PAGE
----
By Jill Keppeler
Some of them had never set foot in the city before; some of them grew up there. But the participants in a recent tour all had one thing in common: They wanted to learn more about North Tonawanda.
Explore Buffalo, a nonprofit organization that offers various tours of the Buffalo area, recently offered a "North Tonawanda: Lumber City" tour during Canal Fest. The NT tours, the first outside the City of Buffalo, were started for last year's festival, Executive Director Brad Hahn said. After a "great response," they were expanded another year - and soon may be offered beyond the festival week.
The 10 participants in a recent tour gathered at the Carnegie Art Center, formerly the Carnegie Library, at 240 Goundry St. Tour guide Eleanor Ash promised the group a portrait of a city in "broad brush strokes" and information that could lead them to find out more and return for more.
North Tonawanda started as "a little frontier town" on Tonawanda Creek, she said, and its growth paralleled Buffalo in many ways. NT became a village in 1865 and a city in 1897.
"Basically, it was the trade," she said of the growth of the community. "It was because of the canal and because the lumber was able to come down it."
Ash told the tour participants that the city has six places on the National Historic Register - all of which they'd get at least a glimpse on the tour, starting with the Carnegie itself. The building, built in 1903, was one of thousands of libraries built around the world through the efforts of businessman Andrew Carnegie.
Tour participants were able to take a quick look at the building's interior, original woodwork, tile floor and stained-glass skylight. Barbara Hughes, vice chair of the Carnegie Art Center, described some of the renovations being done and the efforts to build the building as an art center once again.
"We're trying to look at arts in the Tonawandas, access to the community," she said. "It's an ongoing thing for us to try to maintain and preserve this building."
The tour proceeded down Goundry Street to Payne Avenue, then up to Thompson Street to the Herschell Carrousel Factory Museum. Ash paused along the way to point out North Tonawanda City Hall, built in 1939, and Sweeney Cemetery, established in 1857, at Payne Avenue and Thompson Street. Allan Herschell himself is buried there, along with veterans dating back to the American Revolution, she told the group before it continued on.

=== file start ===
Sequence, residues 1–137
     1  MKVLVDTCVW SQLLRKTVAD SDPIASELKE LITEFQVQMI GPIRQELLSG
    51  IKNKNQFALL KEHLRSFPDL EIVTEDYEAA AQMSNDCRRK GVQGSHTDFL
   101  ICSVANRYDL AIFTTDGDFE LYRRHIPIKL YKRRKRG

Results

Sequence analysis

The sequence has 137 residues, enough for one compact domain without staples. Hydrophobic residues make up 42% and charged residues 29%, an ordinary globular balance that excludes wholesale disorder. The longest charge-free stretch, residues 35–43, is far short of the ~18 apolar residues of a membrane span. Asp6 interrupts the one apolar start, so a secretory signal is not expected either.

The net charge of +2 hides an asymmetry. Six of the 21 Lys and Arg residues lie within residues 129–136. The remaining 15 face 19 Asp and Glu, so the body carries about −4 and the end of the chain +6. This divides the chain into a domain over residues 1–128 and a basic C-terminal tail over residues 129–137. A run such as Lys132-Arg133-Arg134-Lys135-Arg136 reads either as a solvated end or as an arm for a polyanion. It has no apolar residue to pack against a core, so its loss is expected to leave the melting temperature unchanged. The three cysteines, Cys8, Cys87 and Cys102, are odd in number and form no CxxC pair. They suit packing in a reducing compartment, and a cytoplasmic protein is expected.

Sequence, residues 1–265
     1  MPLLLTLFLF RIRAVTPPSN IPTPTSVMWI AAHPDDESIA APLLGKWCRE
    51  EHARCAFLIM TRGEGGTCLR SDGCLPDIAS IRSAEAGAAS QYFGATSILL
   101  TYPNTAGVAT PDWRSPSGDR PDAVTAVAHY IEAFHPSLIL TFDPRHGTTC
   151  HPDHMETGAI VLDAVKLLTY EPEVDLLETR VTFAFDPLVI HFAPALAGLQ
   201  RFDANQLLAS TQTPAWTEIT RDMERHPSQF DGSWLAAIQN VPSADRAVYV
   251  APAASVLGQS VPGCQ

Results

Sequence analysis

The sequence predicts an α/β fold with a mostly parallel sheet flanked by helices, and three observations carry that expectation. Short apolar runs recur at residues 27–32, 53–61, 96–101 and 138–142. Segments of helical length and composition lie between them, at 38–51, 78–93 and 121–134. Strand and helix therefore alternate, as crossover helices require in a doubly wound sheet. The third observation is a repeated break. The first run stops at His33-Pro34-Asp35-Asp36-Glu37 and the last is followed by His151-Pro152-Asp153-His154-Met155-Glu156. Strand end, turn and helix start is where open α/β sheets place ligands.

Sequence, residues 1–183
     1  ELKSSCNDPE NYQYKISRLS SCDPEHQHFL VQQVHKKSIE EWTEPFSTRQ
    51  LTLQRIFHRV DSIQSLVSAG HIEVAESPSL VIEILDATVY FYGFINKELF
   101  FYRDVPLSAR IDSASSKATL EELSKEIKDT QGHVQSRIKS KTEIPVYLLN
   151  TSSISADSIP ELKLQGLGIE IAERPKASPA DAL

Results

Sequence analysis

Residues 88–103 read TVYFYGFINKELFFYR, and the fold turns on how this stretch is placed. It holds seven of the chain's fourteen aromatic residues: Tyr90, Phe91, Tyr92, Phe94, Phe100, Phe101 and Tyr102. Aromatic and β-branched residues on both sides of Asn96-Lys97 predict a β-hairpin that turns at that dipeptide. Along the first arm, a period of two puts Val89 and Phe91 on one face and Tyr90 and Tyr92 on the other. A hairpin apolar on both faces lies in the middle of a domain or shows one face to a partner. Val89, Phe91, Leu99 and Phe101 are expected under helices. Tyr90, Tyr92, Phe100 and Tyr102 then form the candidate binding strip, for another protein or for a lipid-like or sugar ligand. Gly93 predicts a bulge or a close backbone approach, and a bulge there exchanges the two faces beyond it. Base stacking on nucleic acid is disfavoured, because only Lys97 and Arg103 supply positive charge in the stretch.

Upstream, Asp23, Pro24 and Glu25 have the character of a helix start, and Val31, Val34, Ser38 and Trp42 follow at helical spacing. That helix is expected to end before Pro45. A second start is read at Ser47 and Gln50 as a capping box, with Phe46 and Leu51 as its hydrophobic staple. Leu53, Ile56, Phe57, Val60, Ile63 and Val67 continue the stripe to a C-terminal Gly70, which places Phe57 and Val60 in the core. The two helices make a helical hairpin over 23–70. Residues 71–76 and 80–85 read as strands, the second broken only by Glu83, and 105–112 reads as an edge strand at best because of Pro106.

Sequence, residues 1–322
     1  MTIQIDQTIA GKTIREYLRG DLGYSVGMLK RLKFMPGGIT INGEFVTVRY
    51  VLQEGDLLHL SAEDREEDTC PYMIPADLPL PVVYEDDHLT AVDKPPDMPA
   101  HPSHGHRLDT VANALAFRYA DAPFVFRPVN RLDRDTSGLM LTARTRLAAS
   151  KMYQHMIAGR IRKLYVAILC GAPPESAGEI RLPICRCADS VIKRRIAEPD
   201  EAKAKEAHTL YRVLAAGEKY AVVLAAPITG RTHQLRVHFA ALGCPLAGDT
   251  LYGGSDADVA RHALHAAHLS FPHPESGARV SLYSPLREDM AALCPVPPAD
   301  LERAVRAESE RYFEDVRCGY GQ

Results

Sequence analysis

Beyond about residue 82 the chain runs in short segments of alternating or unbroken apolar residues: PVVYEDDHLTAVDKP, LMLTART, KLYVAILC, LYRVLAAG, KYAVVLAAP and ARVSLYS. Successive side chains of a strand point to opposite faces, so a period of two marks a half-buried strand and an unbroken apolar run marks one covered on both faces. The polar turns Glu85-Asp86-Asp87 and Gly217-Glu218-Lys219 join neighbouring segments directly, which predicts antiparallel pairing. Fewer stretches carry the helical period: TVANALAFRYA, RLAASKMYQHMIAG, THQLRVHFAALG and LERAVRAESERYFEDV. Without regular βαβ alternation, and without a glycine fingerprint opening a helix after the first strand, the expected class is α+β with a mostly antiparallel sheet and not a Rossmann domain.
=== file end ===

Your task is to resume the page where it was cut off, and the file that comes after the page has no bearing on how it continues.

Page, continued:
Many of the participants in the tour were from other portions of Western New York, but Laura Pascall was born and raised and lives in North Tonawanda.
"I figured there are a lot of things I don't know about," she said. "You know how it is when you live somewhere. You kind of take it all for granted."
At the Carrousel Museum, Director Rae Proefrock gave the group an overview of the museum (which is also on the National Historic Register), a peek at the 1916 No. 1 Special carrousel and a chance to listen to one of the newer acquisitions, a 1917 Artizan band organ.
From there, it was over to and down Oliver Street, with an overview on history of the railroad in NT and a stroll past the site of the Railroad Museum of the Niagara Frontier in its historic freight depot.
"At one time, North Tonawanda had 16 kinds of railroads coming through the city," Ash said, pointing out that it all comes back, again, to lumber. In three years, she said, the city was the lumber capital of the world, even over Chicago -- 1890, 1903 and 1906.
The group also paused at the post office at Oliver and Goundry streets (No. 3 on the NHR), then proceeded to Webster Street, where they learned about the "Dick Block" commercial building (No. 4), the Riviera Theatre (No. 5) and other sites.
Tour participant Phyllis Spears of Williamsville said she had been looking for a tour of North Tonawanda and since her sister was visiting, it seemed like a good time.
"We knew it was Canal Fest, which we've also never done," she said. "It just seemed like the thing to do."
Spears said she moved to Buffalo for a promotion years ago, but now she stays for a different reason.
"This is home," she said. "I fell in love with Western New York."
Tour-goers next got an inside peek at the former Herschell-Spillman Motor Co. Complex (No. 6 on the NHR) at 184 Sweeney St. - later known at the Remington Rand Building and now the Remington Lofts and the Remington Tavern. The visitors were able to peek at an apartment and the view from the rooftop before swinging back to the Carnegie for the end of the tour.
Ash is not a North Tonawanda native, but has lived in the city for years and calls it home. A docent at Albright-Knox and other places, she also volunteers with Explore Buffalo by giving the Frank Lloyd Wright's Fontana Boathouse tours.
"I like to learn about things. I learn better when I need to teach other people about it," she said. "It's an inspiration to me, when you hear someone say, 'Gee, I didn't know that.' "
For more information on Explore Buffalo, visit www.explorebuffalo.org or call 716-245-3032.